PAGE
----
Contrast echocardiography. Results of contrast echocardiography for detection of pulmonary arteriovenous malformations during baseline echocardiographic imaging and at peak dobutamine are displayed in Table 5. The presence of intrapulmonary shunting did not correlate with estimated right ventricular systolic pressure.

Dobutamine stress echocardiography. Dobutamine stress echocardiography was performed in 165 patients for preoperative assessment of ischemia. One hundred forty-eight patients (89%) had normal resting studies and no ischemia with dobutamine. Ischemia was induced with dobutamine stress in 11 patients (7%), 5 of whom had resting wall motion abnormalities. Six patients (4%) with resting wall motion abnormalities had no inducible ischemia.

Cardiac catheterization. Cardiac catheterization was performed in 9 of 11 patients with an ischemic response on dobutamine stress echocardiography and in 9 patients without ischemia. Of the 9 patients with inducible ischemia, only 3 patients had significant coronary artery disease on coronary angiography. All 3 patients were refused transplantation on the basis of significant ischemic disease. The regions of abnormal wall motion in the 6 patients without significant coronary artery disease were the inferior wall in 4 patients and apex in 2 patients. Of the 9 patients with no inducible ischemia who underwent catheterization for clinical suspicion of coronary artery disease, 8 had no significant coronary artery disease. One patient had significant three-vessel coronary artery disease. This patient subsequently underwent successful coronary artery bypass surgery.

Clinical outcome. Clinical outcomes for the 190 patients evaluated for transplantation between July 1992 and July 1994 are displayed in Table 6. Perioperative complications in the 71 patients who underwent transplantation included myocardial infarction (n=1), acute left ventricular dysfunction (n=4), arrhythmia (n=10), and pulmonary edema (n=39). There were no cardiac deaths or myocardial infarctions related to obstructive coronary artery disease.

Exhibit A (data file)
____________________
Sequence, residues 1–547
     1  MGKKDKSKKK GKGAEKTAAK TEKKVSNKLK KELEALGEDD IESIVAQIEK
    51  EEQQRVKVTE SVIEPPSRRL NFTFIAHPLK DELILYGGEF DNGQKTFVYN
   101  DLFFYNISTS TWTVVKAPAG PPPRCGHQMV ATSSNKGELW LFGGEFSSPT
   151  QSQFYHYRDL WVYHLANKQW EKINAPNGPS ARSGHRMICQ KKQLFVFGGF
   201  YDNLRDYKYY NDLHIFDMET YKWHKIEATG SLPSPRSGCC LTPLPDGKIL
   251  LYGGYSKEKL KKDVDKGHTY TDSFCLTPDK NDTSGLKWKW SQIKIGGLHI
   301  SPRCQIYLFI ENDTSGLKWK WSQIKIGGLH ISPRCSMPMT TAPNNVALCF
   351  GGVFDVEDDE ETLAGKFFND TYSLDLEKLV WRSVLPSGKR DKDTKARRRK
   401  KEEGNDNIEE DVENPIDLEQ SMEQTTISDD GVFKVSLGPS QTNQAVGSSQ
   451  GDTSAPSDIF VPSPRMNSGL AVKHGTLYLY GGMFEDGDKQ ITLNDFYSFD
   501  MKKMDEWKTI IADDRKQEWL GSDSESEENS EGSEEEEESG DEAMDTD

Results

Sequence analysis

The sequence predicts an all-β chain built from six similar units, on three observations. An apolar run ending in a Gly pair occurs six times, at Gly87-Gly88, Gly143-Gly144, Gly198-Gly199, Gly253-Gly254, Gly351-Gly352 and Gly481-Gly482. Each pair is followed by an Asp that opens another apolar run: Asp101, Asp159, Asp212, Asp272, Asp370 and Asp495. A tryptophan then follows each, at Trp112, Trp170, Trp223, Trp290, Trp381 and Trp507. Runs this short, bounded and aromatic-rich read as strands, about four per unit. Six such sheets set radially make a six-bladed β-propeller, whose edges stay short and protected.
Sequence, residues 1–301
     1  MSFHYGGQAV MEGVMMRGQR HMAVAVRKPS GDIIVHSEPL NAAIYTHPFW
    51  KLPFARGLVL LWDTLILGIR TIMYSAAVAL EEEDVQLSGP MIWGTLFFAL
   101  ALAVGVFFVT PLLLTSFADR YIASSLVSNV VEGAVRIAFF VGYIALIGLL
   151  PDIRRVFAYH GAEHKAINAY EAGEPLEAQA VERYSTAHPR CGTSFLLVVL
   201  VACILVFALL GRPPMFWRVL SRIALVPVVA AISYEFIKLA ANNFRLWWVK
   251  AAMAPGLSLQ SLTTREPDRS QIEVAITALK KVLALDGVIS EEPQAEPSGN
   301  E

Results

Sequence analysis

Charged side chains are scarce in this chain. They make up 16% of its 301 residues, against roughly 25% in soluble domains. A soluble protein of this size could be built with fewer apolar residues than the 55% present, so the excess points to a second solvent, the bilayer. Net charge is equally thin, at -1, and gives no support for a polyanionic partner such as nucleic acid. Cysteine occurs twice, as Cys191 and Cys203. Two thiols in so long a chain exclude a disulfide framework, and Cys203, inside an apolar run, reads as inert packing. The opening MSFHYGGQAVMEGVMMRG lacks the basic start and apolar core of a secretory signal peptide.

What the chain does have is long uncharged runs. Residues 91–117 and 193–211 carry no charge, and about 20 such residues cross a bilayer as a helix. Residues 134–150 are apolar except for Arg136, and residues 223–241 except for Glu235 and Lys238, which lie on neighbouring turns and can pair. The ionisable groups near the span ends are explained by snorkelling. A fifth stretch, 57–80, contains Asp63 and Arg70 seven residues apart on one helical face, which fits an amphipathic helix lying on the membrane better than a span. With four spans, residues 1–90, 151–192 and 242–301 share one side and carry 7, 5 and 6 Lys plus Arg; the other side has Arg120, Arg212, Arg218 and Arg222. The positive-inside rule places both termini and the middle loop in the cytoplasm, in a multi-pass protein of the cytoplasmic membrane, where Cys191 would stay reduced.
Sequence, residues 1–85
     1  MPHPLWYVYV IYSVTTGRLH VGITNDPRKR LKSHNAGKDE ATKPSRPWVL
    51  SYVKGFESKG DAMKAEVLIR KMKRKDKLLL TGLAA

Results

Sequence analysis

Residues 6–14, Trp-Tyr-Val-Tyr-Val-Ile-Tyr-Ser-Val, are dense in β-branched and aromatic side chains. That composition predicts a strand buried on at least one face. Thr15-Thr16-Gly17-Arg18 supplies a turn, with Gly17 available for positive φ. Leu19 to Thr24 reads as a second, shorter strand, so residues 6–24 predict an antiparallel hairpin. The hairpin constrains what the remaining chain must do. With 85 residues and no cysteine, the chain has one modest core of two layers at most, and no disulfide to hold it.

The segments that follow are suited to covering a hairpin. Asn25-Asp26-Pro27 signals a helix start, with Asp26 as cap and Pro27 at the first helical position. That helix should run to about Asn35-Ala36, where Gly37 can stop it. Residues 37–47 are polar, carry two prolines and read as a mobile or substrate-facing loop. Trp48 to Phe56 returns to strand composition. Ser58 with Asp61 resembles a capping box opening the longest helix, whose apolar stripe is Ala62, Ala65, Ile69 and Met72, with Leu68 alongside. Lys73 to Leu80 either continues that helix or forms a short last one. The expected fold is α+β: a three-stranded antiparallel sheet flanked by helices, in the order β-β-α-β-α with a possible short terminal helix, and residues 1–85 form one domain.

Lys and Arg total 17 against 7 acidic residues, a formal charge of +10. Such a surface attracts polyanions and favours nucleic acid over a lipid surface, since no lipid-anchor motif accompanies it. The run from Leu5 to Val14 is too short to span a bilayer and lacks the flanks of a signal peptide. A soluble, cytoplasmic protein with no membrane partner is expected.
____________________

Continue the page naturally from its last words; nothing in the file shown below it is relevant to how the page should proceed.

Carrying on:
Myocardial infarction occurred in one patient on the fourth postoperative day with a peak serum CPK of 185 mg/dl (normal 20 to 180) and 11% MB fraction (normal 0 to 6). The electrocardiogram showed evidence of acute anterior wall injury with new T wave inversions (Fig. 1). Two-dimensional echocardiography revealed an extensive anteroapical wall motion abnormality that was markedly out of proportion to the magnitude of the serum CPK. Cardiac catheterization revealed normal coronary arteries with no evidence of thrombus. There was near complete normalization of wall motion and electrocardiogram at 2 weeks.

Global left ventricular dysfunction developed acutely within the first postoperative week in 4 patients (ages, 37, 37, 67, and 54), all of whom had normal left ventricular function preoperatively. At the time of left ventricular decompensation, mean left ventricular ejection fraction was 20% (range, 10-29) in these patients. Left ventricular dysfunction persisted in 3 patients at 1 month postoperatively. Three patients had a history of alcoholic liver disease. All 4 patients required postoperative renal dialysis. Two patients had primary hepatic graft failure, necessitating retransplantation within 1 week of the initial transplantation.

Perioperative arrhythmias occurred in 10 (14%) patients. One patient had an asystolic cardiac arrest 4 weeks post-transplant following numerous surgical complications. There was no evidence of myocardial infarction, and two-dimensional echocardiography revealed normal left ventricular wall motion and ejection fraction. Eight patients had atrial arrythmias, consisting of supraventricular tachycardia (n=3) and atrial fibrillation (n=5). Nonsustained ventricular tachycardia occurred in one of the patients with postoperative dilated cardiomyopathy.

Chest radiographic appearance of pulmonary edema was present in 39 (56%) patients following transplantation. All 39 patients required postoperative diuretic therapy. The average volume of blood products transfused intraoperatively for all transplanted patients was 15.2 L/patient. The absolute volume of transfused did not correlate with development of postoperative pulmonary edema (P=NS).